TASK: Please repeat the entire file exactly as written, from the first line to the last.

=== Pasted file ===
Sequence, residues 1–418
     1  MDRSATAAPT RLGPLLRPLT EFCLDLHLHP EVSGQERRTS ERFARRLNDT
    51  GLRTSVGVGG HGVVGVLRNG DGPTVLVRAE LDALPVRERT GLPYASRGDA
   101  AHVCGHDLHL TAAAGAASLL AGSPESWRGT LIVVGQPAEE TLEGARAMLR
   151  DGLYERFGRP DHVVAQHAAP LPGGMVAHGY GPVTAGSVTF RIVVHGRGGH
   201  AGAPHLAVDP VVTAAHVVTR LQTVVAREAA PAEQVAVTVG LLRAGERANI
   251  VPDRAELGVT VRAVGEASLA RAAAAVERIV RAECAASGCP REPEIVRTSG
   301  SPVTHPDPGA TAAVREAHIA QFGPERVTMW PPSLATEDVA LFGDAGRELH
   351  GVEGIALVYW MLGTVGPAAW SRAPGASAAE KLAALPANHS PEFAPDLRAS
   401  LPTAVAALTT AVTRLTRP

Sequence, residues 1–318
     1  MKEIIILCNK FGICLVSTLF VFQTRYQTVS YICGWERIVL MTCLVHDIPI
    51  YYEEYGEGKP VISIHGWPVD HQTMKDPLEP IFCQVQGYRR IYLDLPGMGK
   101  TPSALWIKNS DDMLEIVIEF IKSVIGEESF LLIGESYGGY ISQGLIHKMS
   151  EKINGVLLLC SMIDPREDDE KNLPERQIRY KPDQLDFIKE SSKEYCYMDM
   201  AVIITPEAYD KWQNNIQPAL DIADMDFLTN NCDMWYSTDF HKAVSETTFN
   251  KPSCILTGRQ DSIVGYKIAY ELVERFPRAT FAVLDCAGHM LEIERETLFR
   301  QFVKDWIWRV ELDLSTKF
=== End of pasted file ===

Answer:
Sequence, residues 1–418
     1  MDRSATAAPT RLGPLLRPLT EFCLDLHLHP EVSGQERRTS ERFARRLNDT
    51  GLRTSVGVGG HGVVGVLRNG DGPTVLVRAE LDALPVRERT GLPYASRGDA
   101  AHVCGHDLHL TAAAGAASLL AGSPESWRGT LIVVGQPAEE TLEGARAMLR
   151  DGLYERFGRP DHVVAQHAAP LPGGMVAHGY GPVTAGSVTF RIVVHGRGGH
   201  AGAPHLAVDP VVTAAHVVTR LQTVVAREAA PAEQVAVTVG LLRAGERANI
   251  VPDRAELGVT VRAVGEASLA RAAAAVERIV RAECAASGCP REPEIVRTSG
   301  SPVTHPDPGA TAAVREAHIA QFGPERVTMW PPSLATEDVA LFGDAGRELH
   351  GVEGIALVYW MLGTVGPAAW SRAPGASAAE KLAALPANHS PEFAPDLRAS
   401  LPTAVAALTT AVTRLTRP

Sequence, residues 1–318
     1  MKEIIILCNK FGICLVSTLF VFQTRYQTVS YICGWERIVL MTCLVHDIPI
    51  YYEEYGEGKP VISIHGWPVD HQTMKDPLEP IFCQVQGYRR IYLDLPGMGK
   101  TPSALWIKNS DDMLEIVIEF IKSVIGEESF LLIGESYGGY ISQGLIHKMS
   151  EKINGVLLLC SMIDPREDDE KNLPERQIRY KPDQLDFIKE SSKEYCYMDM
   201  AVIITPEAYD KWQNNIQPAL DIADMDFLTN NCDMWYSTDF HKAVSETTFN
   251  KPSCILTGRQ DSIVGYKIAY ELVERFPRAT FAVLDCAGHM LEIERETLFR
   301  QFVKDWIWRV ELDLSTKF